During the last two weeks of May, bookworms of Hawaiʻi got a special treat. The International Center of Photography based in New York City, teamed up with local publisher Bess Press and Minny Lee Fine Art to host a two week-long Masterclass in Bookmaking and several public programs.
It’s safe to say that Minny Lee, a recent addition to the Art School’s team of teachers, played a major role in getting the program over to Hawaiʻi. Originally from Korea but having lived in New York City for the past 25 years, Lee is no stranger to the ICP. In fact, their relationship spans 15 years. She was the one to propose Hawaiʻi—more specifically, her gallery space—as the next locale for the program for its unique arts and culture.
The program had 12 students in total, with six hailing from the islands—two from the Big Island and four from Oʻahu. In addition to the students, Lee had a teaching assistant from the Big Island and three interns who were also local.
“From the very beginning we were very conscious about having a large part of the students come from Hawaiʻi,” Lee said over the phone. “People want to come to Hawaiʻi to take these classes, but for us it was important to have local people come in and enrich our program by bringing their own backgrounds and culture.”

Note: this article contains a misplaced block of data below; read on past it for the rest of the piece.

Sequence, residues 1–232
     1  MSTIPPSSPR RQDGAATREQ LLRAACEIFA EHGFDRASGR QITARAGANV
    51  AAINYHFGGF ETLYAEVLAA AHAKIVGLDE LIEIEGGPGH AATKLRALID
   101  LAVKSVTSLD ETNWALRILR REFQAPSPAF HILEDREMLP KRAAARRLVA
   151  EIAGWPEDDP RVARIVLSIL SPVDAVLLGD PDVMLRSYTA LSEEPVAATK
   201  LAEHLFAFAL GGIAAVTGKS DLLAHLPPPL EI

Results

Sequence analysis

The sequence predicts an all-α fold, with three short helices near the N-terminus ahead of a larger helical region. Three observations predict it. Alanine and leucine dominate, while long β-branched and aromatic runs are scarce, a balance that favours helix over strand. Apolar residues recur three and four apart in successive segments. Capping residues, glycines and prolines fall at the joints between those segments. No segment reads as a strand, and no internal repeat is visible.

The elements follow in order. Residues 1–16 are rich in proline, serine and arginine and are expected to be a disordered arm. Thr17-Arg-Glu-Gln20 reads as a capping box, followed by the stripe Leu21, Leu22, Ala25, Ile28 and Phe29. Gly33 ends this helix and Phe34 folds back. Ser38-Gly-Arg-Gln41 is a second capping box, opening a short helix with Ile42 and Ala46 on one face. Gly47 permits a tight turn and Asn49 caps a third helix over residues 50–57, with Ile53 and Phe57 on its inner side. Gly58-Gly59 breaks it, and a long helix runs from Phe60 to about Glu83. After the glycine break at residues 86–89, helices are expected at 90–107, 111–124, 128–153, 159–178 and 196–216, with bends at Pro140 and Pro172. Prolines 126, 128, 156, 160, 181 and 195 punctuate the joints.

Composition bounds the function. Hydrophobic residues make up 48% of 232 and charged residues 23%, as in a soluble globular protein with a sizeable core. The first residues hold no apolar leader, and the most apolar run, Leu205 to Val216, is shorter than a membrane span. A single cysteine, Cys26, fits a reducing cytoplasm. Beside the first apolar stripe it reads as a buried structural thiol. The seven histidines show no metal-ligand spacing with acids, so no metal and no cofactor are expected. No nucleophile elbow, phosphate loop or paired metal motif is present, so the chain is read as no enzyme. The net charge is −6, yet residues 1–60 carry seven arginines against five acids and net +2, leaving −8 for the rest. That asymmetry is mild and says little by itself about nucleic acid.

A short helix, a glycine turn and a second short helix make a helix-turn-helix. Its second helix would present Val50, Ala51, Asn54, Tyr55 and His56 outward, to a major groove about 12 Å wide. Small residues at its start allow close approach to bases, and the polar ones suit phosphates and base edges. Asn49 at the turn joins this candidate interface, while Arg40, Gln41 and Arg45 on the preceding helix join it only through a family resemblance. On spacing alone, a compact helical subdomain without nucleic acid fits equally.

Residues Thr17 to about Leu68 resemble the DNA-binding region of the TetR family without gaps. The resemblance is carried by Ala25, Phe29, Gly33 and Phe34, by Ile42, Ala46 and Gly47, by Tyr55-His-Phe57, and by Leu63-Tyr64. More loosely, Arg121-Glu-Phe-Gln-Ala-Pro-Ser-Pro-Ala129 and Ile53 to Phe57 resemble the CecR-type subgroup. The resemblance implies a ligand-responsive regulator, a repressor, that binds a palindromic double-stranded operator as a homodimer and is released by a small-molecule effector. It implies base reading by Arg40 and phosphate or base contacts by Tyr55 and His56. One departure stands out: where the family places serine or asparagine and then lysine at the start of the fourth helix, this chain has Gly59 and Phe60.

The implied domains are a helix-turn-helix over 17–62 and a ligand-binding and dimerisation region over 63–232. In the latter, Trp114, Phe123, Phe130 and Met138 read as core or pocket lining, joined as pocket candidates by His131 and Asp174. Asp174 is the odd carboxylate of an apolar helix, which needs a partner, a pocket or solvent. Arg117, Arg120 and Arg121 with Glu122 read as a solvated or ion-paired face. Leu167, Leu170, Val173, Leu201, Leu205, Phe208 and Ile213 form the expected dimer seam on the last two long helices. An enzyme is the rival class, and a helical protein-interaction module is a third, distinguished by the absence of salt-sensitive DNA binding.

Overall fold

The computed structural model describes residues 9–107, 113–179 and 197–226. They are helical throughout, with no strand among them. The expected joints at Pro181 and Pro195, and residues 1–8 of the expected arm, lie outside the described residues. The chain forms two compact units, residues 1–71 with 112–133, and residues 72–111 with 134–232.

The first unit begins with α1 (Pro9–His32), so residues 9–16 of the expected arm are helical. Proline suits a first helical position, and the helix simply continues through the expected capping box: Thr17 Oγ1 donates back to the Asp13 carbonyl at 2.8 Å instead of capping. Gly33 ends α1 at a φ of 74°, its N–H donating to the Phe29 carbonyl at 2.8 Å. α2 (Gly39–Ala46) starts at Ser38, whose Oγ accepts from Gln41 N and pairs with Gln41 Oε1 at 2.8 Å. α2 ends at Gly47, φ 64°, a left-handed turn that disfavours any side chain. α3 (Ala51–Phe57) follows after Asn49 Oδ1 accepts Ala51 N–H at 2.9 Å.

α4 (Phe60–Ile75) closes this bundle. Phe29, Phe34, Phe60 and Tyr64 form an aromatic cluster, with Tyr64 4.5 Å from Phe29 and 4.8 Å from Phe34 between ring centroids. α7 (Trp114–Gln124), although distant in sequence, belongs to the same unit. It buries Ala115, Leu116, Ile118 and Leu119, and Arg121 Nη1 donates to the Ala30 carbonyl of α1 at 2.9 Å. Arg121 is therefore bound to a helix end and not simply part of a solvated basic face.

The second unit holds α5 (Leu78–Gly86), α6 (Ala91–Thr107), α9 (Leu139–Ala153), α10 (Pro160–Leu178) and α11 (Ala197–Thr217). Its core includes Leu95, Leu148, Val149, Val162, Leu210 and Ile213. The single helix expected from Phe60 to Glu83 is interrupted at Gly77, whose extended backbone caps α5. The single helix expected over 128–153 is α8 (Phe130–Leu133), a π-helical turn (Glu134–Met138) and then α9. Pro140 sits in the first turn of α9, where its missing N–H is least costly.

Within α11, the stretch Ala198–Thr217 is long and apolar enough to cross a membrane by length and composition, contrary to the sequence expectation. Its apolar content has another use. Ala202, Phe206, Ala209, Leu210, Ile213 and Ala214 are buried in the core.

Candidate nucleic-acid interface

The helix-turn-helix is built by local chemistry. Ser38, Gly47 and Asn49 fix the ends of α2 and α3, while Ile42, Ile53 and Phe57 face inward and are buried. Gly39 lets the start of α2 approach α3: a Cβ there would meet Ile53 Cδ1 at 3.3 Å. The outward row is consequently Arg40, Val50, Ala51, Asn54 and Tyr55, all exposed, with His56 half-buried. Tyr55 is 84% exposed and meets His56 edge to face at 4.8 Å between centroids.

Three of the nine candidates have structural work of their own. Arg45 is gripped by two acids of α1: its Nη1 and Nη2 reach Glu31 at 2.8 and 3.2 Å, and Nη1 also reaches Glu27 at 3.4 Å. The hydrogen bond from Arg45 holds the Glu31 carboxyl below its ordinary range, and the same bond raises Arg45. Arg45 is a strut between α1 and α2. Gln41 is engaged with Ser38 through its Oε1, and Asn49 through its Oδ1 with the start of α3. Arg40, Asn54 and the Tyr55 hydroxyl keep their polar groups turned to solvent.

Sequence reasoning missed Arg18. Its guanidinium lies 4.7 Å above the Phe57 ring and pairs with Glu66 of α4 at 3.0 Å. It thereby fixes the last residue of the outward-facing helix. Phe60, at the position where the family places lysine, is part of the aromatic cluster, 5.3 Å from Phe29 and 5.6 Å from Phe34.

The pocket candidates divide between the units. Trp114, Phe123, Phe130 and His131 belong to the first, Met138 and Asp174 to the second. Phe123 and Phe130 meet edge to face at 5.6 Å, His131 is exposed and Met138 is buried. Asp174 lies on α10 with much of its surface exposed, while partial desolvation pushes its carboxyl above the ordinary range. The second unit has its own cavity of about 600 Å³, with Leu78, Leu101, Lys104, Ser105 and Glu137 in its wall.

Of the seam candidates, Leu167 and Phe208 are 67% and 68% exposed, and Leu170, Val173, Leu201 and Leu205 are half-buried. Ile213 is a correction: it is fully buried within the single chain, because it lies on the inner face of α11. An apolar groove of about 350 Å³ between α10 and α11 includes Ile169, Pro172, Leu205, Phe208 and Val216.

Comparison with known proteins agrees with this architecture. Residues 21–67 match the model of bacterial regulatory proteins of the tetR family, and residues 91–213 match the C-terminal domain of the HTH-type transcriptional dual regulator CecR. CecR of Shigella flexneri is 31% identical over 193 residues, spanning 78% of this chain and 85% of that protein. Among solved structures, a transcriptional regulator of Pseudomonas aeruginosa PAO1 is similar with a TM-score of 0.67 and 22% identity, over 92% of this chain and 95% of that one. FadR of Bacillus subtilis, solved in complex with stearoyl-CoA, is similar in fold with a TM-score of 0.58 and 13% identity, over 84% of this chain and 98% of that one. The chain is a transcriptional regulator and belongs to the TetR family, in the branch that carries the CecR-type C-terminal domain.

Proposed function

The rest of the six students came from all over the world—New York City, Finland, Japan, Guatemala.
“They were all working with each other and I really loved the community they formed here even if it was for two weeks,” she said.
The students didn’t need to have any prior bookmaking experience. They just had to apply to the program—and obviously have a large passion for books. Lee tau
ght the students how to turn their ideas into page-turning realities, teaching them how to edit, design in InDesign, and then hand-bind the books with sewing. With bookmaking, “You have total control about the way you express yourself,” Lee said.
Helping Lee out as faculty members were award-winning editor Alison Morley, Benjamin “Buddy” Bess, Lee herself, and Teun van der Heijden of the Netherlands.
The Masterclass and its faculty also held lectures, panel discussions, and of course, an exhibition where the students showed off their finished creations at da Shop in Kaimuki. The public programs were totally free and open to the public.
“With free public programs, we were able to connect with local people who were not part of the workshop,” Lee said. “It was important to hear their feedbacks and exchange ideas.”
At the end of the two weeks, the students each had a completed book made from their own body of work.
Even though Lee was an instructor of the Masterclass, she says she learned tremendously from everyone else. “Since everyone’s work had a personal significance or cultural significance, it was emotional journey they took with their bookmaking process,” she said. “Everyone was proud to hold a finished book dummy in their hands because of this journey everyone took with a courage.”